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J Clin Endocrinol Metab. 1987 Dec;65(6):1135-40.

Disruption of follicular maturation and delay of ovulation after administration of the antiprogesterone RU486.

Author information

1
Department of Reproductive Medicine, School of Medicine, University of California-San Diego, La Jolla 92093.

Abstract

To investigate the role of progesterone in the follicular phase, we examined the effects of RU486 in eight normal cycling women studied with daily and frequent blood sampling (every 10 min for 10 h) during three menstrual cycles (control-treatment-recovery). RU486 (3 mg/kg, orally) was administered for 3 consecutive days after ultrasound documentation of a dominant follicle. In six of the eight women, RU486 was given after emergence of the dominant follicle, while in two women, RU486 was initiated during the preovulatory period when estradiol levels had exceeded 917 pmol/L. In the six women given RU486 after emergence of the dominant follicle, RU486 significantly prolonged the follicular phase duration from 15.6 +/- 1.9 (+/- SD) to 28.6 +/- 9.3 days (P less than 0.01) and extended the treatment cycle length to 42.3 +/- 9.1 (+/- SD) days (P less than 0.01). During RU486 treatment, mean serum estradiol levels decreased from 385 +/- 43 to 228 +/- 28 pmol/L (P less than 0.01), while LH, FSH, ACTH, cortisol, and progesterone levels changed little. LH pulse frequency and amplitude on the last day of RU486 administration did not differ from control values. Collapse of the dominant follicle was evident on ultrasound after RU486 administration and was not accompanied by uterine bleeding. In the two women treated during the preovulatory period, the follicular phase was not prolonged, and RU486 failed to delay the onset of the LH surge. Our findings indicate that RU486 treatment during the follicular phase interrupts normal follicular development, resulting in a delay of ovulation and a reinitiation of follicular recruitment.

PIP:

The effect of the antiprogesterone RU486 on the hypothalamic-pituitary-ovarian axis during the follicular phase of the menstrual cycle was investigated in 8 normally cycling women. Frequent, daily blood sampling was conducted during 3 cycles--control, treatment, and recovery. In 6 subjects, RU486 administration was initiated after emergence of the putative dominant follicle (documented by ultrasound). The 2 remaining subjects received RU486 during the preovulatory period when estradiol levels had already exceeded 917 pmol/L. When RU486 was administered after emergence of the dominant follicle, the duration of the follicular phase significantly increased from 15.6 + or - 1.9 days to 28.6 + or - 9.3 days, thus prolonging the intermenstrual length of the RU486 cycle from 28.9 + or - 2.7 days to 42.3 + or - 9.1 days. Endometrial breakdown did not occur during RU486 administration. RU486 further induced a significant decline in estradiol levels from 385 + or - 43 pmol/L to 228 + or - 28 pmol/L, but there was no significant change in luteinizing hormone (LH), follicle-stimulating hormone (FSH), or progesterone levels. RU486 produced a decrease in size or collapse of the putative dominant follicle in 5 of the 6 subjects who received this agent after emergence of the follicle. In the 2 women treated during the preovulatory period, the follicular phase was nor prolonged and RU486 failed to delay the onset of the LH surge. Overall, this study demonstrates that administration of RU486 in the follicular phase disrupts normal follicular development, resulting in functional demise of the dominant follicle, reinitiation of folliculogenesis, and extended menstrual cycle length. These events are not accompanied by uterine bleeding or significant alterations in LH pulsatile frequency and amplitude.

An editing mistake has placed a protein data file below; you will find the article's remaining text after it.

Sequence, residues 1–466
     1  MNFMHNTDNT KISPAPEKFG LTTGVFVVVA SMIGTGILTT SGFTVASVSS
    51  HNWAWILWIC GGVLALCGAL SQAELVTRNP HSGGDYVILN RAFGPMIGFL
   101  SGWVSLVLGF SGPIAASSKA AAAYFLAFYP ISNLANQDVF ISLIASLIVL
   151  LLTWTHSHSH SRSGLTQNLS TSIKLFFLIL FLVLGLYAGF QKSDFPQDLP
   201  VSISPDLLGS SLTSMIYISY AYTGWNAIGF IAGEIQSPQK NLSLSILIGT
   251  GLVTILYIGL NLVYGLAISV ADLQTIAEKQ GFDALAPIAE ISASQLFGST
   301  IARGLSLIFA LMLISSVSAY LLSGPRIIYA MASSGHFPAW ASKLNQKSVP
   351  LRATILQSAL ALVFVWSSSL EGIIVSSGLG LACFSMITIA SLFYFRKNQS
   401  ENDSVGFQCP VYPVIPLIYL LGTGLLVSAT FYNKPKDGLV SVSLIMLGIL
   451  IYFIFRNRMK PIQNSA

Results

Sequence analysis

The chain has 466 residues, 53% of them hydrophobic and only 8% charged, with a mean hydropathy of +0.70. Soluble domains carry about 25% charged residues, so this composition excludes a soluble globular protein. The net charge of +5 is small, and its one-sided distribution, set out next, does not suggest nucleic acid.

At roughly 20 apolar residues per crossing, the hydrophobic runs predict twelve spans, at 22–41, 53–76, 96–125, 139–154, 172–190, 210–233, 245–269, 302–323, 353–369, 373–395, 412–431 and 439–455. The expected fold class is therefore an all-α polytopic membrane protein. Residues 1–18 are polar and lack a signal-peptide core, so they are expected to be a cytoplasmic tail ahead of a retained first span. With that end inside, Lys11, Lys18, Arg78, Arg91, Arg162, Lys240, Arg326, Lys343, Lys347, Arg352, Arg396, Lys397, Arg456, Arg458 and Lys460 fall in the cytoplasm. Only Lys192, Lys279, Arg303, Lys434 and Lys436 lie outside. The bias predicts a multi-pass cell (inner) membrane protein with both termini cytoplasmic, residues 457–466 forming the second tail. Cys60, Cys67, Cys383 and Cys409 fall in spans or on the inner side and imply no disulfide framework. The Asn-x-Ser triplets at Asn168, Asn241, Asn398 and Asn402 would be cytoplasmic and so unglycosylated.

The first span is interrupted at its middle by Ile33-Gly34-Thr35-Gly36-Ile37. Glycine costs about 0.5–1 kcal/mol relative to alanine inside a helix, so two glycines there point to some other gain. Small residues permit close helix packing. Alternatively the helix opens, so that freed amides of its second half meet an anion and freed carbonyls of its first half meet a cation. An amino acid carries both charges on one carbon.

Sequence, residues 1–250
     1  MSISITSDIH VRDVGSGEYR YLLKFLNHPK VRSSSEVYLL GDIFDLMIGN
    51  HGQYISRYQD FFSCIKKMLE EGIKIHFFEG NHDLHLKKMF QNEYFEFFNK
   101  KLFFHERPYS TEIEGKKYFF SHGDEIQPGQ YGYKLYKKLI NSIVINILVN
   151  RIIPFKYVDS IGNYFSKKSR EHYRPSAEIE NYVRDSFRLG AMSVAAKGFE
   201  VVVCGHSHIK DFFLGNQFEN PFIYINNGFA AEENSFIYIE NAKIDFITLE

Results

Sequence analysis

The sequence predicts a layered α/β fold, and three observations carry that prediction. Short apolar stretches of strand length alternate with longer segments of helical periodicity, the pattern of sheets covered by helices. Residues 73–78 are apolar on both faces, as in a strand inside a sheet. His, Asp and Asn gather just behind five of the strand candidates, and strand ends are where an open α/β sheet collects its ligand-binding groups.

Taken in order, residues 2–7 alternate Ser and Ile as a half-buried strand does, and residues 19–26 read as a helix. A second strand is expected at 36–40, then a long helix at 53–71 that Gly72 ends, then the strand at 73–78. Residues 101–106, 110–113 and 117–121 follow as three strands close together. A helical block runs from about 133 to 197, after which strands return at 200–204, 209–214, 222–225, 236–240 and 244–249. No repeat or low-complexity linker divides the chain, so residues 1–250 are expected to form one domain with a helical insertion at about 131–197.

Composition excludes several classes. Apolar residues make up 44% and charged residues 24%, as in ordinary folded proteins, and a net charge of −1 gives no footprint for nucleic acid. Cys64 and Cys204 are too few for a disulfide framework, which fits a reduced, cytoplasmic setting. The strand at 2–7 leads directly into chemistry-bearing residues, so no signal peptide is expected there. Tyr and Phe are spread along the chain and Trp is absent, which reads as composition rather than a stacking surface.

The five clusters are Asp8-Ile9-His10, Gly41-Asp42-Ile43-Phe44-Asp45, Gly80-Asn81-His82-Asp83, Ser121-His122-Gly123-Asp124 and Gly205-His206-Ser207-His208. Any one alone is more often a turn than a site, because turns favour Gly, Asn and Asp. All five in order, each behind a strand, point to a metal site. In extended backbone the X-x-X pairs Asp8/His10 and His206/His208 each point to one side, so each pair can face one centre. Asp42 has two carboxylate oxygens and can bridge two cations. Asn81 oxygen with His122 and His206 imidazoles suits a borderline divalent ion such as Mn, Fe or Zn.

PMID:
2824550
DOI:
10.1210/jcem-65-6-1135
[Indexed for MEDLINE]

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